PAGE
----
As we walk down the lane of sequels to IT and Annabelle, we put a blind eye forward to Indian horror. Ranging from monsters to blood, we have got ’em all.
Kings Of Horror by Sushmit Ghosh and Rintu Thomas narrates the untold story about the first family of Indian horror that redefined cinema – the Ramsays.
The opening scene of the same showcases a distraught Sultanate of Bijapur, Raja Hariman Singh who searches for his lost daughter, Rupali in the deep dark forests of Samri, the Shaitan. The initial days and narratives of Ramsay’s relied largely on monstrosity and over-the-top screams.
Producing horror films yearly, the Ramsays carved their own niche in a cinema landscape which drew largely from carnival-esque sets, costumes and family dramas. Horror as a theme was rarely explored and still isn’t. Ramsay came from Karachi to Bombay, post the Partition, trying his hand at a variety of career choices, however, failing miserably at both. A particular scene of an exaggerated ghost struck a chord amongst the audience and he decoded the secret to making horror, which he further expounded to his sons.
The movie neatly reminds us that the Indian audience is drawn towards an infusion of sex and horror, which still exists, at a large scale. Working on these lines, Ramsay incorporated sleaziness bypassing censorship trials. As Jerry Pinto said, “No one was there for logic, but the thrill of it; thrills of terror and sex.” The skin show and the hows of it also has a significant impact on the outcome of a movie. As Anurag Kashyap says, the definition of a movie rated ‘A’ in India isn’t a sensible mind, but anything dirty.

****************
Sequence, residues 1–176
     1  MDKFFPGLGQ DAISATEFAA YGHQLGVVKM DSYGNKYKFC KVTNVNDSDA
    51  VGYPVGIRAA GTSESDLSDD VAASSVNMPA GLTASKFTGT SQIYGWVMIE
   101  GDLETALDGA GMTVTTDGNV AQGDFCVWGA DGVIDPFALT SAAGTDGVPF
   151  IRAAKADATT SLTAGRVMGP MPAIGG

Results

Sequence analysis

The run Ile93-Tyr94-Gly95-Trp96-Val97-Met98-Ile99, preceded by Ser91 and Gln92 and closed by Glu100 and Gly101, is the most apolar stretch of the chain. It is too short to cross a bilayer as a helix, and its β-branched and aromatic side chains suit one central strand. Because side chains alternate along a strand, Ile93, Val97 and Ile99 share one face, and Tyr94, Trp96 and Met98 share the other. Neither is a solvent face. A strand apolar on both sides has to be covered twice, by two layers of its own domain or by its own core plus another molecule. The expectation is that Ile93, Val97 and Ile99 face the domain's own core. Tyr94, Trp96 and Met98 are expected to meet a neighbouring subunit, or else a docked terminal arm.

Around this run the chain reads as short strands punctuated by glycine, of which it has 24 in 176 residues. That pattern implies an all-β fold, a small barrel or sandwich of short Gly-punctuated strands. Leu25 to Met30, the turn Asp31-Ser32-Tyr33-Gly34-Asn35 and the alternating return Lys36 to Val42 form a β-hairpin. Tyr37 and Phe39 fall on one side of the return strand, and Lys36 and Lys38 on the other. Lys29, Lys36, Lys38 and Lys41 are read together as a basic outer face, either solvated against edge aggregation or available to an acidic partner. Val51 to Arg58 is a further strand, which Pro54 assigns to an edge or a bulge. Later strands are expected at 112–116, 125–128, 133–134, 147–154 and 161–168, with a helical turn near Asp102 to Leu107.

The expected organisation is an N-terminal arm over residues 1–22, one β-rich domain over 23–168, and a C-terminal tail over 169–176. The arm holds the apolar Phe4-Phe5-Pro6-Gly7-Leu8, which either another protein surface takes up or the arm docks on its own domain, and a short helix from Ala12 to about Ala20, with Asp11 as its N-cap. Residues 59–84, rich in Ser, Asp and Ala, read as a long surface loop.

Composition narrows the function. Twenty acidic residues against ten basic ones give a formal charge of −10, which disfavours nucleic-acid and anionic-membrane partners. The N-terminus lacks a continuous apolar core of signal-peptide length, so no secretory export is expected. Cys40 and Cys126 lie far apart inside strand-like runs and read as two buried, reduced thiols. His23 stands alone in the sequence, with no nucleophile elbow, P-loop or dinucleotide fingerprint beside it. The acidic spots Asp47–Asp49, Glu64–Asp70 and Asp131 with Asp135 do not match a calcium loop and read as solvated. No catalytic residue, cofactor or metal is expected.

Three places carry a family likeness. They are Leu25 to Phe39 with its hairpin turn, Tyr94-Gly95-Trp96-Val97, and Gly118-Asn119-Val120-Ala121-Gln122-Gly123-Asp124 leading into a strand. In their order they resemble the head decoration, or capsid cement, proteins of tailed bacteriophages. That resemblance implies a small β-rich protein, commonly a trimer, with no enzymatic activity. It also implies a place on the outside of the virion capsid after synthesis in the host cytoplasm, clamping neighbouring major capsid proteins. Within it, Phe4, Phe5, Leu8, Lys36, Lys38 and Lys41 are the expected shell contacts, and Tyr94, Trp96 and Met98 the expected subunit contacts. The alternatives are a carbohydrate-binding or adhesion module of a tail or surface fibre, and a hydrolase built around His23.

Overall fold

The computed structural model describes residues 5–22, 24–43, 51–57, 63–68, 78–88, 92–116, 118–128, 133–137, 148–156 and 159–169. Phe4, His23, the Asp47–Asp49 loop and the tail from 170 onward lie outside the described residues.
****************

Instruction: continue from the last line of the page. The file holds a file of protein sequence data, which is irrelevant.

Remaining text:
However, Ramsay’s contribution to the Indian cinema stands questionable. Some state their work to be challenging the normalcy of the society and setting a new niche whereas some consider it pretty insignificant. Other than creating a brand, audience and a small-film industry economy, it fell short in front of the English audience.
What I particularly found interesting was the ending sequence with clips from Ramsay’s movies, coupled with beats and lined up with women moaning and monsters glaring with their red eyes. The idea of horror in India has been synonymous to a haveli (mansion), guards and trouble inside the haveli with a dash (read excess) of sex and the Ramsays stayed true to it.
The filmmakers captured Ramsay’s history in a narrative which stands alienated to the current generation. This film doesn’t just preserve an entire generation’s childhood, but also a genre of cinema which still thrives.
Catch Sushmit Ghosh and Rintu Thomas’s film “Kings Of Horror” from 10:15 am onwards on September 20 at the India International Centre. To see the full Open Frames Festival programme, click here.